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Indoor Activities to Entertain Your Dog

Pet Health and Safety  •   Cherisse Chaney  •   Apr 14, 2020

When you and your pets are stuck at home, it's time to get creative about staying active together! We've put together some fun activities that don't require any special equipment and are easy on your wallet. Here are six ways to get exercise and mental stimulation for your dog and you, even when you can't leave the house.

1. Engage your dog’s brain

DIY Puzzles

Puzzles are your dog's best friend while stuck inside. It helps keep your pup entertained and gives you a project to work on together! Start with simple DIY puzzles, like cutting a small slit in a tennis ball and putting a few treats inside. You want the slit to be small enough that the treats won't fall out on their own, but large enough that your pup will be able to nudge or chew to get them out. You can also try a similar trick with empty plastic bottles – just clean them thoroughly, remove any labels and the plastic ring below the cap, and leave the cap off so your dog can nose it around to jostle the treats loose.

Create an obstacle course

You can also create games for your dog on a larger scale. Would your pup appreciate a sheet fort they have to find you in, or a game of hide-and-seek? Can you rearrange some chairs and pillows to make an indoor obstacle course? Reward your dog for following certain steps or meeting certain goals and train him to do obstacles in a sequence! For example, crawl under the table, then put front paws up on a particular chair, then sit. Think of it like an agility course without the running! Even if you can't move much furniture around, you can create a little course around your living room and reward your dog when he gets it right.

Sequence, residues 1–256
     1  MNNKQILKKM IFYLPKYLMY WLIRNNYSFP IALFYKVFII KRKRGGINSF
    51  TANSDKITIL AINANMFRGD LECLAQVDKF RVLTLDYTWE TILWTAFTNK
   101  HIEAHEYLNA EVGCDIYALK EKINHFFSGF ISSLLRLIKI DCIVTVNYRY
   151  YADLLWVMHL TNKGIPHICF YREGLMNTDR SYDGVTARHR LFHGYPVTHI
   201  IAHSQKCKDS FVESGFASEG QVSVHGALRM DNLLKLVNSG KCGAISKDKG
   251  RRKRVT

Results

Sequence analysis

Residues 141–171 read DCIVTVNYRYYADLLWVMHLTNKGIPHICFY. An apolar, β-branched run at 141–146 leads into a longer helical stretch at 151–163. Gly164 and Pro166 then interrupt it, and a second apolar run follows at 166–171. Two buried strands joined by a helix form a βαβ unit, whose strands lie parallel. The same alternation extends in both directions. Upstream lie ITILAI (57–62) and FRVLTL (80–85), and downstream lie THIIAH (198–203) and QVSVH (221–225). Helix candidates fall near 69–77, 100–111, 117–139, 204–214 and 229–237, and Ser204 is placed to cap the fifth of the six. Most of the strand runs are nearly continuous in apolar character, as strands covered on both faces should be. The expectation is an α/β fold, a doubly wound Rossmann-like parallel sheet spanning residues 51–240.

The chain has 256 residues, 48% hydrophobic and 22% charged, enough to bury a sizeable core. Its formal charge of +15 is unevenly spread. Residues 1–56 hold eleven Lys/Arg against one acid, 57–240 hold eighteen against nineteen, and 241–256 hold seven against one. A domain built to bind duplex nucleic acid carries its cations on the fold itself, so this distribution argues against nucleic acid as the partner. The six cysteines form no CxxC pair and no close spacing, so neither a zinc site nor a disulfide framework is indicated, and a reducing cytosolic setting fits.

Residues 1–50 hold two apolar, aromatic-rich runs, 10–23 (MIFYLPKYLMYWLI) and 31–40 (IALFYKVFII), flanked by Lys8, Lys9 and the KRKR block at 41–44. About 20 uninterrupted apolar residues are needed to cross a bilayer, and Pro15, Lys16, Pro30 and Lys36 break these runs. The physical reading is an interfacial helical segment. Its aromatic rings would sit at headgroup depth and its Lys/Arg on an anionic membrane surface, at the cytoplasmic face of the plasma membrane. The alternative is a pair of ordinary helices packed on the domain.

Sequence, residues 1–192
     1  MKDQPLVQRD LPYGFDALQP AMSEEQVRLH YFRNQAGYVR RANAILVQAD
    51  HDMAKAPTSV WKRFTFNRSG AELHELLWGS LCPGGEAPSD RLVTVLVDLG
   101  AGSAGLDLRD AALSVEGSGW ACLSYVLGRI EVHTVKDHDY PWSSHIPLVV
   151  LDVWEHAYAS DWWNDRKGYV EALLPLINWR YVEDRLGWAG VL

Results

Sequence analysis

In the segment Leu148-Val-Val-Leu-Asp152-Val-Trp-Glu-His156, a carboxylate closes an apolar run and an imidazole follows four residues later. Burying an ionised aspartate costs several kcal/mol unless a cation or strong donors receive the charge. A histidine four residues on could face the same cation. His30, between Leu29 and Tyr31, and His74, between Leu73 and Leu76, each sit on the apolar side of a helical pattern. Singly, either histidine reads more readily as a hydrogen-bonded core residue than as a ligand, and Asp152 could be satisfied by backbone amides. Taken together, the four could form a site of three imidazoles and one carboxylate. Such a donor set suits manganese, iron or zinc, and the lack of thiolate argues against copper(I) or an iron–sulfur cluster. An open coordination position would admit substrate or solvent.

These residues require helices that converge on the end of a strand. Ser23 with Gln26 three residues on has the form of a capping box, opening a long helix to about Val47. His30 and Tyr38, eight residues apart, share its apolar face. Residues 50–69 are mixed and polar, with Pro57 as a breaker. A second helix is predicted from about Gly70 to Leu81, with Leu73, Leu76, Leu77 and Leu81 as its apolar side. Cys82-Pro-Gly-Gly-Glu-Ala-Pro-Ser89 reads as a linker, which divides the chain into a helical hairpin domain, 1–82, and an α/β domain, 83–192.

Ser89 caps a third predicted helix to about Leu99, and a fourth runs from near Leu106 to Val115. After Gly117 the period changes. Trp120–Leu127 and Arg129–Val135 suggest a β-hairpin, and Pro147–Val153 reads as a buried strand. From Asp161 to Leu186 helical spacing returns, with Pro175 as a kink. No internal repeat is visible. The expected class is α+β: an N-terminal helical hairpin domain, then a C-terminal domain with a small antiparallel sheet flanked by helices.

Introduce new sports

Teaching your dog the basics of some competitive canine sports can help set a solid training foundation and give you something to look forward to doing once you can get outside again! Practice scent work, work on a choreographed freestyle routine, or teach your pup a few rally stations.

2. Play chef

Now is a great time to learn a few dog-friendly recipes you can cook at home. Your pup can even lick the bowl! There are many human foods that are safe for your dog to eat and that can serve as extra-special treats during an otherwise boring time. No matter how you combine the ingredients, they can be stuffed into Kong toys, used as exciting food toppers, or doled out as little ice cubes as a tasty reward.

Pumpkin pie bites

Cooked pumpkin and cottage cheese can be layered into an ice cube tray, then frozen to make little bites of "pumpkin pie." You can also freeze some food into the center of a large ice cube, so that once your pup chews into it, they get a tasty reward! To make these, just fill a large ice cube mold one-third full of water and freeze it. Once it's solid, add a small ball of prepared food (about 1 Tbsp) on top and freeze again. Once the food has set, fill the ice cube mold the rest of the way and wait until the whole ice cube has frozen solid. Voila! Your treat-in-the-middle ice ball is ready! This will also help keep your pal occupied for a longer amount of time than a regular treat, particularly if you need to get any work done while they snack.

Dog-safe foods

If you want to cook for your pup, be sure to use only dog safe foods. A few good examples of foods you can share with your dog include:

- Green beans

- Greek yogurt

- Pumpkin

- Sweet potato

- Ice

- Cottage cheese

- Corn

- Eggs

- Fish

- Coconut

- Honey

- Peanut butter

Please remember to only give treats in moderation and bear in mind that large amounts of oil or dairy can cause diarrhea. When in doubt, start with a small amount to make sure your dog can digest their newly discovered tasty foods! Make sure peanut butter is not sugar-free and does not contain Xylitol, which is poisonous to dogs.

3. Polish those manners!